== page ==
You may have seen in the local press recently that the States have voted to change elements of Guernsey’s corporate tax regime to make it acceptable to the EU rule makers. The specific aspects that caused offence surrounded the deemed distribution measures for Guernsey investment holding and trading companies. This article provides some context around the issue, summarises the changes and offers some areas where directors and shareholders may need to be mindful of in the future.
The “Zero-10” Tax Regime
On 1 January 2008, the standard rate of tax for Guernsey companies was reduced to 0%. Jersey and the Isle of Man introduced similar regimes, from 1 January 2009 and 5 April 2006 respectively.
The changes meant that all companies were treated similarly in each jurisdiction, while allowing the Islands to remain competitive and attractive to the international business community.
However, each jurisdiction contained a number of exceptions to the standard rate. In Guernsey, these included:
- Income from the ownership and development of Guernsey land and buildings which is taxed at 20%;
- Some activities within the banking sector which are taxed at 10%;
- Investment income which is treated as though it has been distributed; and
- Trading profits which, triggered by the occurrence of certain events, are treated as though they have been distributed to Guernsey-resident shareholders, and subject to 20% tax.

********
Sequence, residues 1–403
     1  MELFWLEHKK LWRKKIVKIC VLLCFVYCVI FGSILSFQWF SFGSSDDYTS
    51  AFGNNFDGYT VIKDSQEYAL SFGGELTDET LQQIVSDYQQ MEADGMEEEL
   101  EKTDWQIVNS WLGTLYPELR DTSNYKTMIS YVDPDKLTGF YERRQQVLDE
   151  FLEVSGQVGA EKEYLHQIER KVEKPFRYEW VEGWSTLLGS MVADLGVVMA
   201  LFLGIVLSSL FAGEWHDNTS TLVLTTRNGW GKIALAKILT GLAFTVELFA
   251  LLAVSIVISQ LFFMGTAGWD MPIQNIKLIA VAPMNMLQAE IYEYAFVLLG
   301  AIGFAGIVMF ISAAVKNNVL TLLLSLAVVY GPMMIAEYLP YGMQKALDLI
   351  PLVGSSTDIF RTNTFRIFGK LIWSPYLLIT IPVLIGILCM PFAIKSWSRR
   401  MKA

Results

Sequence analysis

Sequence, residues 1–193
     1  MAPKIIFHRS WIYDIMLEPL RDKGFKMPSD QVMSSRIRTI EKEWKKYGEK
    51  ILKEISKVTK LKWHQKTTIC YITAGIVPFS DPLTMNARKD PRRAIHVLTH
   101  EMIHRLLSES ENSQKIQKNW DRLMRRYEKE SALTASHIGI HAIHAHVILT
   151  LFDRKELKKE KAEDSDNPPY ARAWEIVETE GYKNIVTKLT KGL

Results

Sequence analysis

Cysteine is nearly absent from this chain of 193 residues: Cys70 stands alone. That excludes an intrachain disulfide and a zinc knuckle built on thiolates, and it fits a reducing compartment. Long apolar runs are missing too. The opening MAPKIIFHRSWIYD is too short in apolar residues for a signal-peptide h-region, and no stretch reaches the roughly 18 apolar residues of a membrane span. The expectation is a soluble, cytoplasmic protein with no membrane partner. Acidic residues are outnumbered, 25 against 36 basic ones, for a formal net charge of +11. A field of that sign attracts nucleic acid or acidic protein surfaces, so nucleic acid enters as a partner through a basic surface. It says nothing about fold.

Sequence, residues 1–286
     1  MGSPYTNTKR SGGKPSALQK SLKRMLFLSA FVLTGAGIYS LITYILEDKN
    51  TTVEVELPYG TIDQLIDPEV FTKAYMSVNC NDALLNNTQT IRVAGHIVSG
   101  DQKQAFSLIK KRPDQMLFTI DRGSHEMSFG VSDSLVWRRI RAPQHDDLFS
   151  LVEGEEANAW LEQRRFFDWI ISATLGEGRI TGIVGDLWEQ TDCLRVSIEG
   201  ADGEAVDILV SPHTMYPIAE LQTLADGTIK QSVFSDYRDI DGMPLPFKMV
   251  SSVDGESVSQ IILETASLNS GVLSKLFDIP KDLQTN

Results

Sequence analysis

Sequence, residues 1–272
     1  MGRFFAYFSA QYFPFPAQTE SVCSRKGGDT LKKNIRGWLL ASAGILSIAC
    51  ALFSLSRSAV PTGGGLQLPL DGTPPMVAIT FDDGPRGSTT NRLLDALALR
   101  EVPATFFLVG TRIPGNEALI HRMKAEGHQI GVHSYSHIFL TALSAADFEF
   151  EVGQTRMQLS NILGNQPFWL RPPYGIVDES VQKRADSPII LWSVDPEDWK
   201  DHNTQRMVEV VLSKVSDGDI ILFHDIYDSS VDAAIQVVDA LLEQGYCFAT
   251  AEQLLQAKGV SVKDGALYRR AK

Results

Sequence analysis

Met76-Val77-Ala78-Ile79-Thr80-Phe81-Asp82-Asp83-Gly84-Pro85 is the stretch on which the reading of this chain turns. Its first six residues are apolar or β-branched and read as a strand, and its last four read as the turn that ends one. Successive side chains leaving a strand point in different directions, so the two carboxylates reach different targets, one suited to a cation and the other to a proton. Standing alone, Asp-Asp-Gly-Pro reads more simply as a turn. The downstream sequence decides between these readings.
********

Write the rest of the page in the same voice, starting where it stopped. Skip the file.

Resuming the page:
This last exception is known as the “deemed distribution” regime, and meant that Guernsey resident individual shareholders continued to be treated differently to non-Guernsey resident shareholders.
What Happened Next?
It has been well publicised that the EU considered the island’s tax regime to be harmful. Concerns were expressed over both the 0% rate, and the different treatment of local/non-local shareholders, both of which were considered, potentially, to be contrary to the spirit of the EU Code of Conduct on Business Taxation (“The Code”).
In order to avoid a confrontation with the EU, Guernsey announced a formal review of its tax system, initially based on the assumption that there would be a general corporate tax rate of 10%.
Jersey and the Isle of Man took a different approach, and decided to defend both the 0% rate and (their local equivalents of) deemed distributions. The other Islands’ defence was partially successful, as the Code of Conduct Group accepted that the 0% rate was within the spirit of the Code. However, deemed distributions and the different treatment of locally resident/non-locally resident shareholders were considered harmful.
Both Jersey and the Isle of Man acted to remove deemed distributions from their respective tax codes, while retaining the 0% standard rate of tax, with effect from 1 January 2012. Guernsey indicated that it felt its existing tax regime was sufficiently different to the other Islands that it was compliant with The Code. The EU carried out a review and announced an initial finding that the deemed distribution element was harmful in April, which was confirmed on 22 June 2012.
In response, the States approved the removal of the deemed distribution provisions, with effect from 1 January 2013, at their meeting on 27 June 2012.
What Does This Mean?
With effect from 1 January 2013, all elements of the deemed distribution regime will cease to apply. This means that locally-resident shareholders will be taxed only when they receive an actual distribution from a company. Until profits are actually paid out, they will accumulate in the company, free of tax.